After making a “special film” with a death count higher than a lifetime’s worth of GTA gameplay – an onslaught of murders, massacres and mutilations – Takashi Miike emphasised the main aim of his filmmaking at a press conference in Cannes to promote his 100th film, Blade of the Immortal.
“I want to inspire kids with dreams. Great films must have a positive meaning for children.” Miike, a legendary name in Japanese cinema, explained the origins of the production, and what perhaps attracted children to such gruesome tales. “When I was growing up, I read manga comic books [on which the film is based], like many kids do when you’re living in Japan.” He went on to talk about his respect for manga authors, saying, “Many people dream of becoming a comic artist, and it’s to do with an instinctual interest in coming up with a story by yourself, to create a whole world”. He added that, though he couldn’t become an author himself, his work “can be a rival to the manga that I love”.
The star, Takuya Kimura, further outlined the influence of manga on the project. “How can we express this world? Put these characters into flesh and blood. Can we convert this excitement to cinema? It was a challenge to even stand at the start line, to even begin to express it.”
After citing previous directorial inspirations like Akira Kurosawa and reminiscing about the heyday of Japanese cinema, Miike heaped praise on his colleagues. He said of his leading man: “Kimura is an idol, a superstar, the only person who could play Manji in Japan. If it had been a different actor, I don’t think we could have made the film.”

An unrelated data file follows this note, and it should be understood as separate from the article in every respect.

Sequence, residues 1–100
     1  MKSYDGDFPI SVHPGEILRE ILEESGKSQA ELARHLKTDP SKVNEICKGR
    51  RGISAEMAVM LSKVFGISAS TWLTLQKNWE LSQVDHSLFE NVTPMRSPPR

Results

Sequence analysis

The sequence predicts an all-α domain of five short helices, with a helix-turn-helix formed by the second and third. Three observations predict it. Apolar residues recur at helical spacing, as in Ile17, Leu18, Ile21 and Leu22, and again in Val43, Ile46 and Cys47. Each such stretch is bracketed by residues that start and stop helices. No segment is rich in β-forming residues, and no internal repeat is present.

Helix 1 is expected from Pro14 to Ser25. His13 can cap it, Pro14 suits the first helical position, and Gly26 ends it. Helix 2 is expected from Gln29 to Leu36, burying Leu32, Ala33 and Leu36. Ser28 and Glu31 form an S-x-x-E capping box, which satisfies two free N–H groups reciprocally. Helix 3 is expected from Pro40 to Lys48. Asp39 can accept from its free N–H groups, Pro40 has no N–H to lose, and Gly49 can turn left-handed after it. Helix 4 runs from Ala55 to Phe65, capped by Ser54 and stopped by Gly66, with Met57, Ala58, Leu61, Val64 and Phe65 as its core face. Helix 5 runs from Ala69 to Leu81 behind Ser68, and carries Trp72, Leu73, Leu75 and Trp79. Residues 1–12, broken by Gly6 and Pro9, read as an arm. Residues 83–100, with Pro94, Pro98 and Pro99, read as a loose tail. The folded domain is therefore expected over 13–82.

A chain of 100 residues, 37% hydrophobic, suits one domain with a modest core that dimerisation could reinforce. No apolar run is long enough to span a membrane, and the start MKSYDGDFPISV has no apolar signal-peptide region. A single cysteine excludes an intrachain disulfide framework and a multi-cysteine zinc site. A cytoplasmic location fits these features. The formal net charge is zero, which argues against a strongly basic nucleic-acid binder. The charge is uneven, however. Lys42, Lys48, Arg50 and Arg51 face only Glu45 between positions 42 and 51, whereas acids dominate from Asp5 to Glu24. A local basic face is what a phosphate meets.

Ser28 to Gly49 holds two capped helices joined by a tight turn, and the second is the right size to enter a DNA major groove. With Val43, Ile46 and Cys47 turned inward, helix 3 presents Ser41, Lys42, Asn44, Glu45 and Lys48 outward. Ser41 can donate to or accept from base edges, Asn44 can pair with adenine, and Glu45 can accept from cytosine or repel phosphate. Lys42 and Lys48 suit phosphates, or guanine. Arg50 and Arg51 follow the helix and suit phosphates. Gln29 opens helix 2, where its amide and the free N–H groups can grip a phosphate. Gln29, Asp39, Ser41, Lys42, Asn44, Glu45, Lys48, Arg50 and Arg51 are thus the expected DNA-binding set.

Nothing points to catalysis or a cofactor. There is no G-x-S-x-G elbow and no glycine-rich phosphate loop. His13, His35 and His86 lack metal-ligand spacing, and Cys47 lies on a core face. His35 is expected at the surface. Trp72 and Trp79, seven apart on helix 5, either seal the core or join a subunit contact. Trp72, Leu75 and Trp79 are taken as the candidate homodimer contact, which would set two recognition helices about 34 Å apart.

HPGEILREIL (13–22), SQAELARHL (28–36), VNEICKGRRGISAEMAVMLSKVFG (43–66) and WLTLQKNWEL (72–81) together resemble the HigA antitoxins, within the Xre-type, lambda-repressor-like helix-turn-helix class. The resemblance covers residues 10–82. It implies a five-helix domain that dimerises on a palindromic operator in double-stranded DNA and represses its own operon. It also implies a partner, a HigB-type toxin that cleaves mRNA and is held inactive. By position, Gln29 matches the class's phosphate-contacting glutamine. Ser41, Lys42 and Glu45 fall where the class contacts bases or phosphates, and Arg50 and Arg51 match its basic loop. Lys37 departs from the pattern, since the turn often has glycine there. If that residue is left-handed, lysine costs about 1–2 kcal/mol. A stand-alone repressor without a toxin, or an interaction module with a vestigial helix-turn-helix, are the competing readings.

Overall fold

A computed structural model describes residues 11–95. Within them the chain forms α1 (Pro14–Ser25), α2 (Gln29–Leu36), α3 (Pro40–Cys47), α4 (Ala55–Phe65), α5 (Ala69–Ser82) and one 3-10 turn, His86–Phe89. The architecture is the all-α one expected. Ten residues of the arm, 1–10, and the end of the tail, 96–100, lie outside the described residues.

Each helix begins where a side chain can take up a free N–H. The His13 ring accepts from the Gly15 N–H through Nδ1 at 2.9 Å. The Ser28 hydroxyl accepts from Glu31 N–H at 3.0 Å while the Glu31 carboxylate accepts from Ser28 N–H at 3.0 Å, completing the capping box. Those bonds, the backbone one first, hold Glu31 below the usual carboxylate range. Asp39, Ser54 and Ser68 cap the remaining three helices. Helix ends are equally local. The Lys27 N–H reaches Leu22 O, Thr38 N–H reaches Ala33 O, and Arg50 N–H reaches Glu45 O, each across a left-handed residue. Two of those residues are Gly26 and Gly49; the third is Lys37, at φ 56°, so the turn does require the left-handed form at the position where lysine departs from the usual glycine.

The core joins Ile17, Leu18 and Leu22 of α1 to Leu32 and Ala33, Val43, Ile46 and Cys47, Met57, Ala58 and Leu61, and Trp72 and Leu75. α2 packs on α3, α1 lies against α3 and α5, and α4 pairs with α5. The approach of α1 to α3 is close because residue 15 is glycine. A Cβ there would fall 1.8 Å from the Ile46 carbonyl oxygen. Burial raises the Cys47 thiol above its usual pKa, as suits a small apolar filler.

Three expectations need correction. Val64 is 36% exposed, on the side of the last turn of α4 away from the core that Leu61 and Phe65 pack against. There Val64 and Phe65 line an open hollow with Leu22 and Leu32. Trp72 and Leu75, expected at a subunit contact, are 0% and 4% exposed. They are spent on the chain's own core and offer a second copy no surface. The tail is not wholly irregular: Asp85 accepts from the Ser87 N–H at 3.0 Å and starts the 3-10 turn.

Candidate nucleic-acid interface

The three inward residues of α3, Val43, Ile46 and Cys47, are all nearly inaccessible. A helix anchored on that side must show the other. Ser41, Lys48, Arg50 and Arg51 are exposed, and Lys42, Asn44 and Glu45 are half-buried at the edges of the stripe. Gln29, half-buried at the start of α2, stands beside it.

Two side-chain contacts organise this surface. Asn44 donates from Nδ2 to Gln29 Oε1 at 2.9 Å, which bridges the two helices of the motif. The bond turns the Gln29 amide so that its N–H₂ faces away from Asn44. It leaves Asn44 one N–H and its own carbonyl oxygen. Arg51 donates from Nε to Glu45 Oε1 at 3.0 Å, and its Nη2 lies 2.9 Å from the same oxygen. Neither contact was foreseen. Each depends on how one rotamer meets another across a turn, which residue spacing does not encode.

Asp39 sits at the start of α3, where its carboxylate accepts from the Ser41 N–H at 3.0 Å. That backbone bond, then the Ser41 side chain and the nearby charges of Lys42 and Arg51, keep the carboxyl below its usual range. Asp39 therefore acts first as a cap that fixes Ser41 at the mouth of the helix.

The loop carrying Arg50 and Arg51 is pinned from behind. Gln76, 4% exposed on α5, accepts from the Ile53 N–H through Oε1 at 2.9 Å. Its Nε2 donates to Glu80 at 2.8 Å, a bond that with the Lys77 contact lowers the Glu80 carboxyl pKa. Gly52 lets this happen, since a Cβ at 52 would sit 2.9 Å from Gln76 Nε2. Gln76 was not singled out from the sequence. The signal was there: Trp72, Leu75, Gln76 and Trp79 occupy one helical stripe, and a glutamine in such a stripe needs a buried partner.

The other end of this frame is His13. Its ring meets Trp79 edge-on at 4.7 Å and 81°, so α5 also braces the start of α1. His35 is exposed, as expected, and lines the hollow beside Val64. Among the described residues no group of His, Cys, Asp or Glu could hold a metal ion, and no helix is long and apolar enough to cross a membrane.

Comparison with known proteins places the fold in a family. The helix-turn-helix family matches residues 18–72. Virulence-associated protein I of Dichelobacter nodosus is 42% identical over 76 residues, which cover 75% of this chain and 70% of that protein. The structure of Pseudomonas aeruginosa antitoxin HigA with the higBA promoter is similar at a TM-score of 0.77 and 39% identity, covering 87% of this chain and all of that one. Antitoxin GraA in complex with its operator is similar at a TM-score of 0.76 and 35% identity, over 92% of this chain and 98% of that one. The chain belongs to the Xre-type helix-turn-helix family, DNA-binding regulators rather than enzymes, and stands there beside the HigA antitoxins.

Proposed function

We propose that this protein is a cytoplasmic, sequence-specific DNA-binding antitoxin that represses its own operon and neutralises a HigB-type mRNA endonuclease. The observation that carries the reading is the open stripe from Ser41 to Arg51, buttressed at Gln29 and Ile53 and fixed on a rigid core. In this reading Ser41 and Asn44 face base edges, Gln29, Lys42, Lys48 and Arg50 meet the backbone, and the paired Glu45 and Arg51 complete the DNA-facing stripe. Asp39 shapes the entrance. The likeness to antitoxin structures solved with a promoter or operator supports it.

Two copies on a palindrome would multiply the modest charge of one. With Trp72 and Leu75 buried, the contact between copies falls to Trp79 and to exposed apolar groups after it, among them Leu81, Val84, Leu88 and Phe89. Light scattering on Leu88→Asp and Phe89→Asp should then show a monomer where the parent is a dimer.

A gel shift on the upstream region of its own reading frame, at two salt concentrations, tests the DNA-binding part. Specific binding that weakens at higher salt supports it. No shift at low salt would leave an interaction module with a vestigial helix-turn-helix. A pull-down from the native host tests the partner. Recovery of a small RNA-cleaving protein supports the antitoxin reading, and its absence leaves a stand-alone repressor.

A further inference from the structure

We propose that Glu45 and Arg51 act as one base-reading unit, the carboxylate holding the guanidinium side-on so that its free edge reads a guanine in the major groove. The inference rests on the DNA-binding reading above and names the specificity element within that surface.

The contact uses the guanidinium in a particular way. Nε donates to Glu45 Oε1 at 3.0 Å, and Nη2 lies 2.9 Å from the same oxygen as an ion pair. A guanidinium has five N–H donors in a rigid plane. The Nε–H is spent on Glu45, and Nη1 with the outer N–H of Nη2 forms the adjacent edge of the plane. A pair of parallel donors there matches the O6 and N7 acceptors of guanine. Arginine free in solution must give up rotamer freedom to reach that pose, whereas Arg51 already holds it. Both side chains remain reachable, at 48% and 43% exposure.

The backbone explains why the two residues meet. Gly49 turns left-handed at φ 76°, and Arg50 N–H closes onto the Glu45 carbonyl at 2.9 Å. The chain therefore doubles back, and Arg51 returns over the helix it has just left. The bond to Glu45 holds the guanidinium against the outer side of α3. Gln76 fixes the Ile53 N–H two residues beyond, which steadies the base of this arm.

Kimura had been injured while filming one of the major fight scenes, but played down any problems on set. “My biggest drive is Miike and his crew because none of them ever lost the drive to make this film. Within the cast I was one who got injured. But Miike had a broken bone and hurt his leg and continued. There was nothing we were scared of.”
Kimura couldn’t pick a favourite weapon that he handled during the production, and stated that his character’s “drive to protect Rin and his mentality is most impressive”, while adding, “it was fateful that I met this character, it was destiny”.
The director declared his desire to work again with British producer Jeremy Thomas, who in return modestly downplayed his role, suggesting that his “[Japanese] language was not good so I helped with enthusiasm”. Miike also singled out his cinematographer, Nobuyasu Kita, for special praise, calling him “very talented, amazing and a great help to my filmmaking”.
Miike then spoke of the similarities between Japanese and Western period films, detailing his interest in such subject matter, alluding to the theatrical device of time compression of which Shakespeare made regular use. “Societies may have been immature back then, but there were those who were able to find power, force or ability. The speed [for that period] is very fast and cinematic, and you can explain something in a few days.”
Joseph Owen Photo: Andreas Rentz / Getty Images
Read our review of Mugen No Jūnin (Blade of the Immortal)here.